Social networking giants Google and Facebook face a looming crisis in Australia, over that country’s intention to press ahead and implement a new law to force them to pay publishers for news.
The legislation is currently being reviewed by an Australian Senate committee, and a vote is expected early this year. If it is passed, Australia would become the first country in the world to force Facebook and Google to pay for news sourced from local media outlets.
Now Reuters has reported that the US Government has asked Australia to halt the legislation, Reuters reported.
The US asked the Australian government to “suspend” the plans, and assistant U.S. trade representatives Daniel Bahar and Karl Ehlers, reportedly suggested Australia instead “further study the markets, and if appropriate, develop a voluntary code.”
“The US Government is concerned that an attempt, through legislation, to regulate the competitive positions of specific players … to the clear detriment of two US firms, may result in harmful outcomes,” said in the document, under the letterhead of the executive office of the President, Reuters reported.
Such a move could also “raise concerns with respect to Australia’s international trade obligations,” it said.
When asked for a response to the US submission, Australian Treasurer Josh Frydenberg reportedly said in a statement the government “is committed to proceeding with a mandatory code” that would address “the bargaining power imbalances with digital platforms and media companies.”
The code followed an 18-month review by the Australian Competition and Consumer Commission (ACCC) Chairman and “extensive consultation” that included the views of both Google and Facebook, he added.
The ACCC inquiry found that for every A$100 of online advertising spend, A$53 goes to Google, A$28 to Facebook and A$19 to other media companies.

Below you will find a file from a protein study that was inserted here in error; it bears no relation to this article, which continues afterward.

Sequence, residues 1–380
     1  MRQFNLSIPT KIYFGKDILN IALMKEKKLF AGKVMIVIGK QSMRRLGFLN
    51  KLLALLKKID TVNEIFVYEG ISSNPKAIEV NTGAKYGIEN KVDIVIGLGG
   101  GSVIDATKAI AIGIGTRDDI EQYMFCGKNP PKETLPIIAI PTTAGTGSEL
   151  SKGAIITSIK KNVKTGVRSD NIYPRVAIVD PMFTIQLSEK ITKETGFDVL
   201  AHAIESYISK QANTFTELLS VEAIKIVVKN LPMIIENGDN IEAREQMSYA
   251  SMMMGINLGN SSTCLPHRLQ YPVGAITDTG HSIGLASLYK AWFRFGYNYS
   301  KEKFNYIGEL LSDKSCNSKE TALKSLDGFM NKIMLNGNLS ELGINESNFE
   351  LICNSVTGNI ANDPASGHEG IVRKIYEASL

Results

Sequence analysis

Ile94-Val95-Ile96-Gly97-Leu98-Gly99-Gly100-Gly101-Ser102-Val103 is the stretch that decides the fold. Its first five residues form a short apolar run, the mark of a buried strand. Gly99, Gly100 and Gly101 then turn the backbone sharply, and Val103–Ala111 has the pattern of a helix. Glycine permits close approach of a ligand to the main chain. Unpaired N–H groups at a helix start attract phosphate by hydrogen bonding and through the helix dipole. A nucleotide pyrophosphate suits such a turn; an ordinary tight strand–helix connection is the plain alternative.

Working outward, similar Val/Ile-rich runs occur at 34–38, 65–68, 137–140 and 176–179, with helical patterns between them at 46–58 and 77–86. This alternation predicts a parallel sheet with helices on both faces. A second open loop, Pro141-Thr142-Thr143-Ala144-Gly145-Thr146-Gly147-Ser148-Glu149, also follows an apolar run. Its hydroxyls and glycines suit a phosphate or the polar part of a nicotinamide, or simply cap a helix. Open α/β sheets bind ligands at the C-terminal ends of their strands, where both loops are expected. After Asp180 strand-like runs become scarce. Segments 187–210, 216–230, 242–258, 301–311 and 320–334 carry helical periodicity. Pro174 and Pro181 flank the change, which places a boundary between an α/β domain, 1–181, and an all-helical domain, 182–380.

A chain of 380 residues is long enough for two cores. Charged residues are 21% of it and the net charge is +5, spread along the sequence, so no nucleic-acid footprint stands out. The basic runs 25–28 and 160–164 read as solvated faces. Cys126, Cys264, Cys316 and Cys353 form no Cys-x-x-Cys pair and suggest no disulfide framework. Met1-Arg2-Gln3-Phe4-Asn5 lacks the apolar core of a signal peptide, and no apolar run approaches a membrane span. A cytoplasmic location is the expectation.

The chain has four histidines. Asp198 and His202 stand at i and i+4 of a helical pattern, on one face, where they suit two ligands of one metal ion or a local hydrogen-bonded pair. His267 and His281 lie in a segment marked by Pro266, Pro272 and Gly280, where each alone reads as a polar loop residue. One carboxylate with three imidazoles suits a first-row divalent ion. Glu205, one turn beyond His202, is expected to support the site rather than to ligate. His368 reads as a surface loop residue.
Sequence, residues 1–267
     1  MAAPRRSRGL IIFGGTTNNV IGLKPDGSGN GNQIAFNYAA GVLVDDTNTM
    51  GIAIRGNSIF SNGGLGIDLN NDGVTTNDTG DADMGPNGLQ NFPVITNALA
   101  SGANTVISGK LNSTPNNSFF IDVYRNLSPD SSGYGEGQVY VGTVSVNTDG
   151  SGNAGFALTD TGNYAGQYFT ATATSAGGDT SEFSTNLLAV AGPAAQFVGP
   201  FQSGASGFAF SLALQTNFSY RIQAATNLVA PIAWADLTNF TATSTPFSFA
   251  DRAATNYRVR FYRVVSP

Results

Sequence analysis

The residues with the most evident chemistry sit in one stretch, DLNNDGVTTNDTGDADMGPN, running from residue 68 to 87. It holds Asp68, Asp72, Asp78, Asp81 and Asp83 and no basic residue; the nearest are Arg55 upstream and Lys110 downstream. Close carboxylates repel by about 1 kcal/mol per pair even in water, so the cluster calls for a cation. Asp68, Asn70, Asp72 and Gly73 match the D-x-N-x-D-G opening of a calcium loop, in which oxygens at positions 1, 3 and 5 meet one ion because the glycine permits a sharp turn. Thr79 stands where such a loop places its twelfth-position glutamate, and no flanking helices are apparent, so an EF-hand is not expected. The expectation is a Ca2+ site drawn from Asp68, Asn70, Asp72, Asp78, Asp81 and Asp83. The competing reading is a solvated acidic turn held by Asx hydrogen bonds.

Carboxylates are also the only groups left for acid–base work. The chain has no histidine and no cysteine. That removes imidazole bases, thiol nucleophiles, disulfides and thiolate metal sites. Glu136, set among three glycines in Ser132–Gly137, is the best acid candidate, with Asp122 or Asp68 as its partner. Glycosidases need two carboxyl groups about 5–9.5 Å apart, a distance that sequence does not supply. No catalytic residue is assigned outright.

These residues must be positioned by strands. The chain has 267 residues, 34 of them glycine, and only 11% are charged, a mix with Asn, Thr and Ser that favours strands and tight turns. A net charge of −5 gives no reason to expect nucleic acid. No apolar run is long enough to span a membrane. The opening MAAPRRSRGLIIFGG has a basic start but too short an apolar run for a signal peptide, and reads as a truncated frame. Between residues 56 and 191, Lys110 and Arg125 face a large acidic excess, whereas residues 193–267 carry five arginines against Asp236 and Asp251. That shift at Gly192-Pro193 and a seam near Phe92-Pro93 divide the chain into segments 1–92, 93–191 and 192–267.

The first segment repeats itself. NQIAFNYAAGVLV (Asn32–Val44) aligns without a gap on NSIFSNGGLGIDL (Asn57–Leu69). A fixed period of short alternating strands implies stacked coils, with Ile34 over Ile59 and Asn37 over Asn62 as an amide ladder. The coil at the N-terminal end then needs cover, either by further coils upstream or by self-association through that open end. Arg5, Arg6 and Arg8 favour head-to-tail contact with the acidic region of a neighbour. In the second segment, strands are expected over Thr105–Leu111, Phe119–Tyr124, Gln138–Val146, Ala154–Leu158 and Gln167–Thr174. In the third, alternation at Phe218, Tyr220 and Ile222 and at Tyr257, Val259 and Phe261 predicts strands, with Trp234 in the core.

Australia’s move is being strongly opposed by Google and Facebook, despite Australia touting the new law as a way to protect independent journalism.
It comes after Google in June 2020 announced the ‘News Showcase’ scheme, which would see news publishers in Australia, Brazil, and Germany starting to be compensated for the news they produce.
CEO Sundar Pichai pledged $1 billion (£778m) over three years to the scheme, which will be rolled out worldwide.
Google in November additionally signed copyright agreements with six French newspapers and magazines, including Le Monde and Le Figaro.
However this Google scheme to compensate news publishers has been ‘paused’ in Australia, due its to disagreement with this new Australian law change.
Facebook in September also bluntly warned Aussie users it will prevent them sharing local and international news, if Australia presses ahead with this law.
Facebook has previously labelled the Aussie law as ‘bad legislation’ and said the law “defies logic and will hurt, not help, the long-term vibrancy of Australia’s news and media sector.”
Google has also previously expressed its opposition to this Australia legislation and used its search web page in Australia to warn local users that it would harm their ability to search.
But Australia has not backed down, with the country’s top antitrust regulator, ACCC Chair Rod Sims, saying that it was tech firms call if they choose not to comply.
Last week the Australian government slammed Google after it began blocking certain news websites as an ‘experiment’ for a number of Australian users.
The Australian government said that Google should focus on paying for Australian content instead of blocking it.
But this is sign of things to come for Australians if the new law is implemented.
Google could likely shut down its Google News service altogether for that country, as it did in Spain back in 2014, when Spain required news aggregators (such as Google) to pay for a license to use news content.
Facebook, as already mentioned above, has previously warned it will prevent Australians from sharing local and international news, if Australia presses ahead with this law.
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